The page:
Last week I wrote with anticipation about overcoats. The promise of an Indian summer is now long gone and the air grows colder and harder by the day. As the clocks go back this weekend, we will soon be plunged into dark evenings, but this shouldn’t be cause for despair: as with many things, it isn’t so bad – especially not in the sartorial sense.
Every season has its feel, and these are personal. Spring has a warmth to the air, while summer has the baking heat and the relief afforded by cool linen and cotton. Autumn, with its encroaching darkness and crunch underfoot, turns us inwards. We want to cover up, not expose; we guard heat rather than desperately trying to give it away. We crave the security of layers.
The heavy drape of woollen overcoats is merely the beginning. Autumn is the time for tweed in all its wonderful forms: the smooth nap of herringbone and the scratchy reassurance of rough Harris wool. Anyone who has worn a good tweed jacket will know the secure, even slightly smug smile as you are asked “Won’t you be cold without a coat?” No, for this is tweed, and it has been guarding us against the icy blasts for hundreds of years. Harris Tweed has its own authority, as carefully protected as champagne or stilton.
And tweed works for both genders: Muswell Hill fashionista Bombshell have released a range of winter clothes which features tweed and checks in abundance. The Scottish stalwarts House of Bruar have almost everything one could want, let alone need; while the more daring will find striking designs at Holland Cooper.
One of the joys of autumn is contrast and layering. Tweed and lambswool, the oriental luxury of cashmere and the smooth-as-silk Andean vicuña; but also leather gloves and silk scarves and cotton socks. Leviticus may frown on the wearing of mixed fabrics, but the priests who compiled the book of the laws had clearly never experienced a northern European winter.
Layering is vital, of course, for any of us who go out in the colder seasons. You need to be protected against the elements, but you will then climb into a warm car or taxi, or throw yourself on to a crowded bus or Tube. The ability to shed layers is critical, unless you are to arrive at your destination in a soggy puddle of anxious perspiration.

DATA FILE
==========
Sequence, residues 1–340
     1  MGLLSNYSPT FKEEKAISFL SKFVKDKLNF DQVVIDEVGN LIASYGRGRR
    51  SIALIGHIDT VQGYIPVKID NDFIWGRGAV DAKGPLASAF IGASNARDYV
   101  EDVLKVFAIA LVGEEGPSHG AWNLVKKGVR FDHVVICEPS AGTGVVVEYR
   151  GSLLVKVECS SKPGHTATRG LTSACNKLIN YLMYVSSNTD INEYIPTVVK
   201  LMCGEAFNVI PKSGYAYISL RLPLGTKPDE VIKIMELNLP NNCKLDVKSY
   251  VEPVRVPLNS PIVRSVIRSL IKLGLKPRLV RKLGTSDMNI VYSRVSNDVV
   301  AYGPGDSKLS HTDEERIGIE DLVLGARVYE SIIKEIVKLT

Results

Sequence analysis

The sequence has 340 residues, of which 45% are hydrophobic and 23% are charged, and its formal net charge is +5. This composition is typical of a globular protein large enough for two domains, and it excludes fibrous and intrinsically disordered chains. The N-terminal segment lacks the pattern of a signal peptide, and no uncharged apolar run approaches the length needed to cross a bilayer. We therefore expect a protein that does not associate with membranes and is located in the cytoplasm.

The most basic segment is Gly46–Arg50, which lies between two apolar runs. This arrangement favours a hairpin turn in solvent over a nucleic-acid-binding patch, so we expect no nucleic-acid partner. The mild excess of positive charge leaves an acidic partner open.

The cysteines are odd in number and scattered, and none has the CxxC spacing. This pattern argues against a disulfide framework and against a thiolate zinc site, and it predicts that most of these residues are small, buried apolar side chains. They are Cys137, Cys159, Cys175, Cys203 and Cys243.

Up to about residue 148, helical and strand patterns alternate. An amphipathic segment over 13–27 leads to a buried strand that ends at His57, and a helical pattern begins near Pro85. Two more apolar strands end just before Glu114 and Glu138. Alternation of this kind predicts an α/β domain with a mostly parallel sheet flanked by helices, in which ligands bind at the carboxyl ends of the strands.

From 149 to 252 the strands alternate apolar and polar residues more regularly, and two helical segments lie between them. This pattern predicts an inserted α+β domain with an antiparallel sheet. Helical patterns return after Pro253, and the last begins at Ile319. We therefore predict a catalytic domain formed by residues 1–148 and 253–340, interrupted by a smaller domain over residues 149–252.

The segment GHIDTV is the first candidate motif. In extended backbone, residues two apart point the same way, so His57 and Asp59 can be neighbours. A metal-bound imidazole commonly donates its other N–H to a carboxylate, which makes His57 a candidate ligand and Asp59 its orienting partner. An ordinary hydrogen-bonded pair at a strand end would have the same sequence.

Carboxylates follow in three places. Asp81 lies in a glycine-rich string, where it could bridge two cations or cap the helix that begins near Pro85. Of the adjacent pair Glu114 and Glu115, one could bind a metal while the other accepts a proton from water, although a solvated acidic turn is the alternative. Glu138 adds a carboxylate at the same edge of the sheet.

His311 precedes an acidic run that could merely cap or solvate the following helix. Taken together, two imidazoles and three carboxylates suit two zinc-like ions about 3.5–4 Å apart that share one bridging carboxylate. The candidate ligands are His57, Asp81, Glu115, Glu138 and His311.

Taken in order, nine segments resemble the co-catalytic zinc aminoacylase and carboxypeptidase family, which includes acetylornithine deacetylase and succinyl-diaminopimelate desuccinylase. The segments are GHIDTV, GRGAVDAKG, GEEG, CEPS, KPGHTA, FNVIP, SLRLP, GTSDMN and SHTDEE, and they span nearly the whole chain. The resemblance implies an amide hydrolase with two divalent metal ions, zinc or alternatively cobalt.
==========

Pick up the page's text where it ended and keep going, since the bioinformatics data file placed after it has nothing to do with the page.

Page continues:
And all of this very much captures our mood. I am a doughty defender of the suit, as I have written, but for those determined to make the post-pandemic world less formal, the key is separates. A blazer and chinos with a sweater knocks the edges of jacket-and-trousers formality, and allows you more range of colours and fabrics. A silk scarf or something in a blend can add a flick of casual elegance to an otherwise dour outfit. Colourful and tactile are the watchwords here.
One cannot pass by autumn without a nod to one of the other senses: smell. The season has a rich bouquet. Some have been eagerly waiting to wrap their woollen-clad hands round a pumpkin latte, with its spice and richness; for others it is the smoky sharp tang of whisky or the ruby richness of a pint of Porter. Chestnuts, fallen leaves, smoke from wood fires, the acrid war-cry of fireworks, the fragrant smell of mulled wine or cider: these scents will guide us through the next couple of months.
The more cynical reader will have detected an element of making the best of it here. That’s true, to a point: I love summer and the heaviness of August heat. But the colder months open their arms with friendship and recognition. For many Britons, we feel that this, really, is where we belong. Sunshine is alien; to be enjoyed, but not quite ours. Now, with the nights drawing in, and the air seeming thinner as it grows colder, we feel we are back home, where we belong. Wrap up well!